Finding a convenient source of propane may be a problem in some areas. Gasoline is generally readily available almost everywhere with a trip to the local convenience store or gas station. Propane bottles must be filled at specialized facilities. In some areas, these facilities are not as convenient to find or visit.

gas for standby generator

Those with larger fixed propane tanks depend on deliveries from a propane supplier and their trucks.

During a disaster, deliveries may be interrupted for extended periods of time. We suggest that you never allow your stationary propane tanks to fall below half full, especially during seasons when severe weather may be expected.

Making the Decision – Gas Versus Propane

Purchasing a generator for your home – whether it be a small portable generator or a fixed whole-home generator – can be a major investment. It pays to consider all of the options, advantages, and disadvantages of both fuel types before you take the purchase step.

Things to Consider

In our view, there is no one best answer to the question of propane vs. gas when purchasing a generator. We think you should consider the advantages and disadvantages of both, as well as some other factors that may be particular to your situation:

How Much Generator power Do you Need?

The size of the generator you purchase is an important part of the decision. Do you want a smaller portable generator than can be easily transported but will only run a few small appliances? Are you interested in keeping your refrigerator and freezers cold during a power outage? Is powering your entire home important to you during an extended loss of power during a crisis? These decisions all influence the size of the generator you need.

Housing for a large propane tank

What is Your Location?

Do you live in an urban area where power outages are rare, and service is usually restored in a matter of hours? Is fuel easily available, even during disasters? If you live in a rural area, can you safely store enough fuel to perform the job your want from your generator? Propane may make more sense in these situations than gasoline.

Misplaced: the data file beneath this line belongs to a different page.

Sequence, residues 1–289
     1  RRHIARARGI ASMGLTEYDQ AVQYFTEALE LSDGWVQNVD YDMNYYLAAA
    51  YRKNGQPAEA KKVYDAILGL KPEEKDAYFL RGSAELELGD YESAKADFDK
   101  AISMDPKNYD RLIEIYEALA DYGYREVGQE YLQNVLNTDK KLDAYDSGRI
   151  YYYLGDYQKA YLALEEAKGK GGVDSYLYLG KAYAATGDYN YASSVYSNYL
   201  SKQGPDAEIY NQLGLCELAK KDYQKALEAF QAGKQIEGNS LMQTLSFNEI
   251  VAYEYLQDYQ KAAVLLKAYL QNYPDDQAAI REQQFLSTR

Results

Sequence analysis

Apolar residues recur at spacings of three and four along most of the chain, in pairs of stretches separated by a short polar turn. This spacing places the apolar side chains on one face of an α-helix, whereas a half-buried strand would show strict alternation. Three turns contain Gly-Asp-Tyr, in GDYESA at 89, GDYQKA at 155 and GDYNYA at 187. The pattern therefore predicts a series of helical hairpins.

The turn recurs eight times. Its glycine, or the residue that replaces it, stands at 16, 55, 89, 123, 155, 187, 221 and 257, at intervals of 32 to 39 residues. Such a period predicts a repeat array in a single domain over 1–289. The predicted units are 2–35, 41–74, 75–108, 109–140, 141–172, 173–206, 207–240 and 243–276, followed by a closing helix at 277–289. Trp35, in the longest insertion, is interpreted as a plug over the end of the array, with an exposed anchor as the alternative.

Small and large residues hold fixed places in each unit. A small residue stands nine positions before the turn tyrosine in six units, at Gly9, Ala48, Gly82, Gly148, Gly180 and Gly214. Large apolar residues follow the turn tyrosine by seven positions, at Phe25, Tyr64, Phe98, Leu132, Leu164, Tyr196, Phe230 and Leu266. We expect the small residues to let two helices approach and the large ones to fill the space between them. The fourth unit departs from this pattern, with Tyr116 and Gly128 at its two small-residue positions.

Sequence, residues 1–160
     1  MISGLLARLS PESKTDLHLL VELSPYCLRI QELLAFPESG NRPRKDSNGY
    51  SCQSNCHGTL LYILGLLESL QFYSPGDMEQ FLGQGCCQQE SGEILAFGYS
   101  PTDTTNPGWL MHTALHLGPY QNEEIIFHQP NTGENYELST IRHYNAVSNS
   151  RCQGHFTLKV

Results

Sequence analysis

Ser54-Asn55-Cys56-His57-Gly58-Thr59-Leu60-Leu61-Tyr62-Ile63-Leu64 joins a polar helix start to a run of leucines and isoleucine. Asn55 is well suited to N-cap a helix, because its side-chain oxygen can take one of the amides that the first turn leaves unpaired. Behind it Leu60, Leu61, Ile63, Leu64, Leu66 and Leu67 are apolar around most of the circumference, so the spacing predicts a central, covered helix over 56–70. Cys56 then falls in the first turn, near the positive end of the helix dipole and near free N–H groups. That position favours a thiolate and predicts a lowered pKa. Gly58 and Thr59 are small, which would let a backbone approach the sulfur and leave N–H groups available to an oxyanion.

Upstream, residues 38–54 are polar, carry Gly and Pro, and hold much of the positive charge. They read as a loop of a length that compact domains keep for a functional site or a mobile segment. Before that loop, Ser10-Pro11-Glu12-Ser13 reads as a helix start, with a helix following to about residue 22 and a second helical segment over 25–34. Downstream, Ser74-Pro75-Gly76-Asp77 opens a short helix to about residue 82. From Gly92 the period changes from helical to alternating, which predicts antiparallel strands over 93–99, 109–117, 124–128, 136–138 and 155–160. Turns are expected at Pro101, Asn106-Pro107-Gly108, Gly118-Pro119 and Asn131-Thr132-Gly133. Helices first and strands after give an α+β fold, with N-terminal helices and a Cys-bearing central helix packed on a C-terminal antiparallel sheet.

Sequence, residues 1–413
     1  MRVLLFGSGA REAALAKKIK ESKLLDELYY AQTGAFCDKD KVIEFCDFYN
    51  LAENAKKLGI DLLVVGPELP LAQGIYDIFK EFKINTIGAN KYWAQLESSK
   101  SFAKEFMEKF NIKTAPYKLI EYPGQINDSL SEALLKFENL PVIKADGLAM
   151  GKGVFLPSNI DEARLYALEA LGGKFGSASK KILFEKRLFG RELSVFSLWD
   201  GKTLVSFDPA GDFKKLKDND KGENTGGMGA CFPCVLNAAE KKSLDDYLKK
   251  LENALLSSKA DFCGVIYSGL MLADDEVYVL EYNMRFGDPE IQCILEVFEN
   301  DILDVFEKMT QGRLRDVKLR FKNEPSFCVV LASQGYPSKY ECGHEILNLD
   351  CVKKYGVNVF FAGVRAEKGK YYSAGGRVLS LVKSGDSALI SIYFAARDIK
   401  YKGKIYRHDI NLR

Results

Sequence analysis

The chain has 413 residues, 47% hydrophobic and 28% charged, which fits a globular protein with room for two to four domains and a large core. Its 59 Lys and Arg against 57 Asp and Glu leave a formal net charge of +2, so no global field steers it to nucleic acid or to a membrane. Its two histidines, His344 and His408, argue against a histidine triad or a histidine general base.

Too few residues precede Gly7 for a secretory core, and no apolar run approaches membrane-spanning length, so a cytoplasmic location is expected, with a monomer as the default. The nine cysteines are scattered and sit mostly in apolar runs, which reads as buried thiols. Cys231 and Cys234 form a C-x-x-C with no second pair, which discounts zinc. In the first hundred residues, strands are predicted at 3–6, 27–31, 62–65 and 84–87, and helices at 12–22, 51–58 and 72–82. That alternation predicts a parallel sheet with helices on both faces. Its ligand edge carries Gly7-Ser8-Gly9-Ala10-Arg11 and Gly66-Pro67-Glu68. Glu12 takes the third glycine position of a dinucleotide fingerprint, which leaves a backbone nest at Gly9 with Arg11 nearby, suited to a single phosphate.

What Kind of Climate Must you Include in Your Plan?

Planning a generator purchase for different climates requires different considerations. Desert climate dwellers usually purchase generators to run AC units and keep food refrigeration operational. The demands of these needs require special planning.

In extremely cold climates, planning usually revolves around heat and lighting. Electrical heating places high demands on a generator. In addition, cold temperatures can affect the use of propane as a fuel, making gasoline a better choice.

Make a Wise Choice Before You Invest

Both propane and gasoline are effective fuels for portable generators. Before deciding which fuel to choose and what type of generator to purchase, do your homework and consider some of the factors we have discussed.

A little forethought can prevent some serious repercussions in the future.

Dennis Howard

A life long hunter, fisherman, and outdoorsman, after surviving a devastating tornado in his home town, he saw the effects on people's lives as they struggled to cope. He built his first bugout bag a few weeks later and has been a dedicated prepper/survivalist since that time. After a career as a fireman, Dennis opened a retail store (FFL approved) catering to the military, law enforcement, and like-minded individuals. The store built their own AR platforms. Furthermore, Dennis was also an NRA instructor in both long gun and handgun as well as a certified range safety officer. Read his full interview here.